Steven Millhauser’s “Phantoms”

It’s been a couple months ago that I read this short story as part of my 2013 Short Story Reading Project. I acquired it, along with nineteen others, when I purchased “The Best American Short Stories 2011” anthology, edited by Geraldine Brooks.

20130515-072702.jpg

I selected several of the stories therein to include in my annual project in hopes of adding a more contemporary flavor to my roster (I tend to read or re-read a lot of classic stories and authors in these projects). Not all of the stories in the anthology are on my list for 2013, but the ones that are were chosen based upon the contributors’ notes in the back of the book. Millhauser (a Pulitzer Prize winner in 1997) says of this story: “For a long while I wanted to write a story about a phantom woman. It never came to fruition, for reasons I can only guess at. One day, unexpectedly, a different kind of phantom story appeared to me and dared me to write it. The story “Phantoms” is the result of that dare.” I liked that. Especially how a phantom story “appeared” to him – what else would a phantom story do? The story was originally published in issue 35 of McSweeney’s Magazine (cover pictured below).

20130515-072632.jpg

The narrator of this story (which should not to be confused with the Dean Koontz novel of the same name) is from an old town, founded in 1636, and surprisingly, matter-of-factly explains how these non-malevolent phantoms “plague” his town. So many of the people in the town have encountered phantoms that those who haven’t are actually a small minority.

What I Liked about this story was the unique way in which the supernatural was presented. Calmly, rationally, the author enumerates six separate proposed “explanations” for the phantoms. E.g., “the phantoms are the auras, or visible traces, of earlier inhabitants of our town,” or that “…the phantoms are not there, that those of us who see them are experiencing delusions or hallucinations brought about by beliefs instilled in us as young children,” and so on. Millhauser also includes numbered “case studies” and “histories” that sync-up with the different explanations.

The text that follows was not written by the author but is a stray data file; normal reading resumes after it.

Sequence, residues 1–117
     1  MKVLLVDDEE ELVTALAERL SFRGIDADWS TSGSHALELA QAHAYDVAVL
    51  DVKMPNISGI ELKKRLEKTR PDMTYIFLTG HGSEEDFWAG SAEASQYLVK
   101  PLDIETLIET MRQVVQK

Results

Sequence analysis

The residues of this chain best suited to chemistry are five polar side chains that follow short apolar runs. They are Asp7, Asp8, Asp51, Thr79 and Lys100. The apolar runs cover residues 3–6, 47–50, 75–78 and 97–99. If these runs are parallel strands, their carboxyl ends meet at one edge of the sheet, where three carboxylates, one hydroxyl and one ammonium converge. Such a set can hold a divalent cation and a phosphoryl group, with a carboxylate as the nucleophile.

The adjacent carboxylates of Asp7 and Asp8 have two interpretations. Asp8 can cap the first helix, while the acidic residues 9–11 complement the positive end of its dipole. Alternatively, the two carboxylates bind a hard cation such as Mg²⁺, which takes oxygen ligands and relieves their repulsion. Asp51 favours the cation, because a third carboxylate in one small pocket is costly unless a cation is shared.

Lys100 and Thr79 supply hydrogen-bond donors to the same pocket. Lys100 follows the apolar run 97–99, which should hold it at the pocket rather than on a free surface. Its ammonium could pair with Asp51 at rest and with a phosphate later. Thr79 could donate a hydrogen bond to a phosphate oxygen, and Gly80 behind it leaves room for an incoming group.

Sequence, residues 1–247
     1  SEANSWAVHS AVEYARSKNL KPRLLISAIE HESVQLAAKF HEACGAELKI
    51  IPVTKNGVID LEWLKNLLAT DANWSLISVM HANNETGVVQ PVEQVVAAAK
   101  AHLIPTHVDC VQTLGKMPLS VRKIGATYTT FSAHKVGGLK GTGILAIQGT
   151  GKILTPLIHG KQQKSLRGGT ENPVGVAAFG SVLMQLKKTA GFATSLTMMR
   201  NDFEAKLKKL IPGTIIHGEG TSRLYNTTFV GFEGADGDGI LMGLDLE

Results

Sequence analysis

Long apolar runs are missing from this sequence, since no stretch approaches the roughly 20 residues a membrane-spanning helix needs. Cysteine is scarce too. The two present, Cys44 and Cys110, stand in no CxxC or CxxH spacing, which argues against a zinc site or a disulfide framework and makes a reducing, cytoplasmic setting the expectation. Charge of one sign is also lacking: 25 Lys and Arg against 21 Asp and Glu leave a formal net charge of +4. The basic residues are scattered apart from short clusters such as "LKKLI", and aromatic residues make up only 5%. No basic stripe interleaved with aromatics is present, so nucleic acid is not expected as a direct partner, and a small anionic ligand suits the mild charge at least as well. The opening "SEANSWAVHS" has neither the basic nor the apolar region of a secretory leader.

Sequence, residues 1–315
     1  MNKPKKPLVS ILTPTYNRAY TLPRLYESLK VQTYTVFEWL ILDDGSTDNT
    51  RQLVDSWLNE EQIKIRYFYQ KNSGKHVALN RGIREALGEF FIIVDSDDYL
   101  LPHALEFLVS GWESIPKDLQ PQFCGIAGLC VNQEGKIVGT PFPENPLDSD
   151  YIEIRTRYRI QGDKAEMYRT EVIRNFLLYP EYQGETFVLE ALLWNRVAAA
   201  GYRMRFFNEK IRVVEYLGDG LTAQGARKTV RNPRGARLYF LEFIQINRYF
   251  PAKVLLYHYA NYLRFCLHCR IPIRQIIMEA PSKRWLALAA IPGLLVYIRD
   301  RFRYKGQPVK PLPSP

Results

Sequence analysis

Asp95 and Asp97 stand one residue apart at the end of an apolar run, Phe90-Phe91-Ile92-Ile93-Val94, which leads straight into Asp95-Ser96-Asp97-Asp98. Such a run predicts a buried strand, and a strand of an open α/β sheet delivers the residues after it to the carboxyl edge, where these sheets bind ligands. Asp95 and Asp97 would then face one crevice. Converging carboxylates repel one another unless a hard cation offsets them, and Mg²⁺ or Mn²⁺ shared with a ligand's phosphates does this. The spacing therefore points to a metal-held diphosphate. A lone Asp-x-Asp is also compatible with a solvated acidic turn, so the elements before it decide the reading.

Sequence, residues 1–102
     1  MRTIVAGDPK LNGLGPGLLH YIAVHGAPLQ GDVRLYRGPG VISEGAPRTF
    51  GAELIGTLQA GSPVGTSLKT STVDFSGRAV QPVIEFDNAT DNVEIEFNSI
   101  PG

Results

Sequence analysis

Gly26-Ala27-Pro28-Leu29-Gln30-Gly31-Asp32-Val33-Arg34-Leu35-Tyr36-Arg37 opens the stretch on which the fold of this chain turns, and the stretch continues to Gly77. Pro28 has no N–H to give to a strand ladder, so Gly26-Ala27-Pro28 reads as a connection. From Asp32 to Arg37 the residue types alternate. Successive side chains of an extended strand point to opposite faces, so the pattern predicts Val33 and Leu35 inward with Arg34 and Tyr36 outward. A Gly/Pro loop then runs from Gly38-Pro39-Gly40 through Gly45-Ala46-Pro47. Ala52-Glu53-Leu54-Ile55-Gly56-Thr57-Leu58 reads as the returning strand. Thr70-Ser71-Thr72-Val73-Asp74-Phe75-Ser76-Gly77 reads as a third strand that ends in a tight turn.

The phantoms of this town always, upon discovery, disappear, but not after giving their spotter “The Look” described in this passage:

“Most of us are familiar with the look they cast in our direction before they withdraw. The look has been variously described as proud, hostile, suspicious, mocking, disdainful, uncertain; never is it seen as welcoming. Some witnesses say that the phantoms show slight movements in our direction, before the decisive turning away. Others, disputing such claims, argue that we cannot bear to imagine their rejection of us and misread their movements in a way flattering to our self-esteem.”

There is something about the rational and matter-of-fact way the town’s phantoms are presented that makes the story more chill-inducing than your standard issue “ghost story” too. In a section titled simply “You”, Millhauser challenges the reader: